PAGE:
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‘What I felt at the time, I still do not understand’: A 17-year-old’s interview with a survivor

94-year-old Theresienstadt survivor Ruth Hass Meissner tells her story to her grand-nephew

Ruth Hass Meissner is my uncle’s mother. She is 94 and lives in Kiryat Tiv’on, a town near Haifa in the north of Israel. She is a Holocaust survivor – she spent three years in the Theresienstadt Ghetto, a concentration camp where some 33,000 Jews died and many more worked as slaves before being sent on to extermination elsewhere. She eventually became a nurse and moved to Israel.


Throughout my life – I am only 17 – I have been fascinated by the bits of Ruth’s story that she shared with me and my siblings during our summers visiting relatives in Israel. But with the number of Holocaust survivors like Ruth dwindling every day, I wanted to hear the full story, record it and write it down, and share it with as many people as possible.


Ruth’s diary has previously been published in Hebrew, and she has given interviews in Czech. But this is the first time her story will be documented in English. (I translated my interview from Hebrew, which is my first language – my mother is Israeli and my father was born in Israel to survivors of Nazi Germany.)


We spoke at Ruth’s home, for about 100 minutes. The interview has been edited for length and clarity.


How would you describe your life prior to the Holocaust?

I had a normal life. Well actually my childhood was not that normal, as my mother passed away when I was 8 years old. I was born in Czechoslovakia. When I was 10 years old, we already had to leave home to run away from the Germans.


I came from a very rich family and we had a very nice home. My mother was very beautiful. She was red-headed and won a beauty contest when she was 18.


How did being Jewish impact your life at the time?

I grew up with two languages. At home, I spoke German because my mother didn’t speak Czech and at school, I spoke Czech. The region I lived in was very mixed, as there were people who spoke German and people who spoke Czech. It’s like here in Israel, you have people who speak Hebrew and people who speak Arabic.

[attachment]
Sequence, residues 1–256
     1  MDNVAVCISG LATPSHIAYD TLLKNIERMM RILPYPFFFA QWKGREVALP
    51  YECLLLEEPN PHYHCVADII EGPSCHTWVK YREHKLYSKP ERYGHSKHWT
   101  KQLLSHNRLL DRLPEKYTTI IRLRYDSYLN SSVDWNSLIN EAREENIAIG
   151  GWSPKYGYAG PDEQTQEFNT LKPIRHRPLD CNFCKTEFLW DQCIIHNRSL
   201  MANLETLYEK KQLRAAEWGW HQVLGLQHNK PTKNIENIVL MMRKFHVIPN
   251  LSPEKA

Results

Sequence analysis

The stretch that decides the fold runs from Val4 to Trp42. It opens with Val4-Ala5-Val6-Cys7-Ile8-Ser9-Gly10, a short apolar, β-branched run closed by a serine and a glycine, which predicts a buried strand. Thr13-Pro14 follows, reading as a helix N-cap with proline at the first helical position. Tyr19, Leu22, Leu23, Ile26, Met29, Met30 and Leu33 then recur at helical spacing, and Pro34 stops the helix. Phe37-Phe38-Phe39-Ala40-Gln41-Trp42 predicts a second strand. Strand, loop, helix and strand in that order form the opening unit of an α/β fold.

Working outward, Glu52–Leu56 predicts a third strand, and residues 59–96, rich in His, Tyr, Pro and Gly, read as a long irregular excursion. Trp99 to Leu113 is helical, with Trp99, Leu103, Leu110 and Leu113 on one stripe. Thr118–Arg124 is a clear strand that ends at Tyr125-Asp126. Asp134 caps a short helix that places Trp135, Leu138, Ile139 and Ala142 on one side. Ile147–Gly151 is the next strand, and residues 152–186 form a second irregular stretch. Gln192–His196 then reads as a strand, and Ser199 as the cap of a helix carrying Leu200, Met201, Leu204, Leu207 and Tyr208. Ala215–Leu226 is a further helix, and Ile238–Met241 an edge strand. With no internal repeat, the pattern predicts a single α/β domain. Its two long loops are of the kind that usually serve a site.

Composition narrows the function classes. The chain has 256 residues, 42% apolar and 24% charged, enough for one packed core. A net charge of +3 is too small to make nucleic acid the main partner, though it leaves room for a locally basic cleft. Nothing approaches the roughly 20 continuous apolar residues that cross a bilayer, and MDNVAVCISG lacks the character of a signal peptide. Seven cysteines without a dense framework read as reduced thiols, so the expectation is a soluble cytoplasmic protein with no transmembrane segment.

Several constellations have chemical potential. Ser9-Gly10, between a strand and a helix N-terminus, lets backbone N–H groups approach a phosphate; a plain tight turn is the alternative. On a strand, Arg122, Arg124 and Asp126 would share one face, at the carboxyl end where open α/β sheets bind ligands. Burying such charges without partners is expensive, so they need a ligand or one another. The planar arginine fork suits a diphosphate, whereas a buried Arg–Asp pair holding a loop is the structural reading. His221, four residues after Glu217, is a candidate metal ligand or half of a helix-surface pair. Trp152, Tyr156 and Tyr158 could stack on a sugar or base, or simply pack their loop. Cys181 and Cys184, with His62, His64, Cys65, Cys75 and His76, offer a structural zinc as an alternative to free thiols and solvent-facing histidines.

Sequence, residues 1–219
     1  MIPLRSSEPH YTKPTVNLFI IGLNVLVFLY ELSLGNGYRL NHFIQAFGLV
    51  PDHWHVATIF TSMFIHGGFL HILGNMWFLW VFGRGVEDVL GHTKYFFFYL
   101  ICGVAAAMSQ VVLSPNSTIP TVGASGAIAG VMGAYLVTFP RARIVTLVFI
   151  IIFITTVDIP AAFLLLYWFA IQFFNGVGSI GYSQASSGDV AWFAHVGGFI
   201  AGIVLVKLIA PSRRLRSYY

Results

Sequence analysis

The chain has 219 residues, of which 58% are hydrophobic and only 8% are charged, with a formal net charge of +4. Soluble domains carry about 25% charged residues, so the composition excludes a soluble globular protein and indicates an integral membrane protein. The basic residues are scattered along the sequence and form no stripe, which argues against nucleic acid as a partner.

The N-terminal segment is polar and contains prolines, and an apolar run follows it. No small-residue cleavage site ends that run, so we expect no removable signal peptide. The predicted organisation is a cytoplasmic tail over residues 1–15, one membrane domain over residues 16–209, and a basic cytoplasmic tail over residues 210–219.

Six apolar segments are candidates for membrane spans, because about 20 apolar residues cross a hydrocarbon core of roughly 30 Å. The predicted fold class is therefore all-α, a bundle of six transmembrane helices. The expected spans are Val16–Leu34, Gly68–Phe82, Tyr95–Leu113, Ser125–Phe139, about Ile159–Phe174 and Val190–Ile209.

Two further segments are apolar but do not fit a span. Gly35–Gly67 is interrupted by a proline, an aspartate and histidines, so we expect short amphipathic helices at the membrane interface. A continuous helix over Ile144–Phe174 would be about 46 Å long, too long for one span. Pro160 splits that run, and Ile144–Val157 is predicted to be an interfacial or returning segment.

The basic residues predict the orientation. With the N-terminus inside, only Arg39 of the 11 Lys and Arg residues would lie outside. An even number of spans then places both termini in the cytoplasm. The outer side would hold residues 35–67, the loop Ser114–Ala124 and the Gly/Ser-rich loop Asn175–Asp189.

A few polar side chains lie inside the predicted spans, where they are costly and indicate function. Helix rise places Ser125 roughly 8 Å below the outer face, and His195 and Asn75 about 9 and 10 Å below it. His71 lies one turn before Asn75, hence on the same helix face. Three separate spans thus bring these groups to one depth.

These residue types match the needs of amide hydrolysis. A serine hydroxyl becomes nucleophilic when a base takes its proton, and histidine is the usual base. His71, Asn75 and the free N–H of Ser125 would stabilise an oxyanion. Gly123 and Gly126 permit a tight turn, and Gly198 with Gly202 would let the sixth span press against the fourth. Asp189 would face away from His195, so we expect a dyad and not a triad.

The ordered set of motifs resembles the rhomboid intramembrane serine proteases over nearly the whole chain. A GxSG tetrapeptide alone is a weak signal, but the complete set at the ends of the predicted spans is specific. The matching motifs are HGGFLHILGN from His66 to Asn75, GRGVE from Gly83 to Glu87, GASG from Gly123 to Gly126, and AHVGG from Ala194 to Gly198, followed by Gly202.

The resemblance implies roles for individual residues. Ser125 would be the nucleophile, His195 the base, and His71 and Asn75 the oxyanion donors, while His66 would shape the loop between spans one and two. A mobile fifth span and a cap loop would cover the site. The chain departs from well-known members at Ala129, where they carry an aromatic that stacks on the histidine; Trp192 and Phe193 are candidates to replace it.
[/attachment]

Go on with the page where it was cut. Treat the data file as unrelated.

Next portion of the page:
But I asked my father once, are we Czech or are we German, and he told me that we are neither and that we are Jews. He told me to never forget that.


How did your home and school life really begin to change when the Nazis conquered Czechoslovakia?

We had to leave home. We got a yellow star to put on our clothes. They shut down our school and Jewish kids were no longer allowed to attend any school.


I was only 10. I was still a child. We lived as refugees. At this age, I still didn’t understand.


I had a problem with wearing the yellow star, because I was blonde and had blue eyes, so everyone on the street would always stare at me. I did not look like a Jewish girl. I looked German, like the German girls in the Nazi posters. You know, the picture of the hideous ugly Jew that people had in their minds, I didn’t fit that picture, so people would always stare at me.


When I was 13, one day, my father did not return home, and that was it. I didn’t see him again. On Yom Kippur, they simply took him on the street….This was very very hard for me because he was the only person I had to take care of me, since my mother had already died, and my grandmother was very old and didn’t really understand things anymore. She was only 80 years old, but at that time, that was like being 120 years old today.


Did you understand what had happened to your father?

I understood and did not understand. I understood what a child could understand at that time. It was clear that he wasn’t there anymore. And it wasn’t that much time anyway before they took us to the concentration camp. Around half a year after they took my father, they took me, my sister, and my grandmother to the Theresienstadt Ghetto.


Can you describe your experience being brought to the concentration camp?

I had no idea where I was going. We went because we had to go. People always ask why did we just go along when they told us to, but you have to understand that at this time we had nowhere else to go.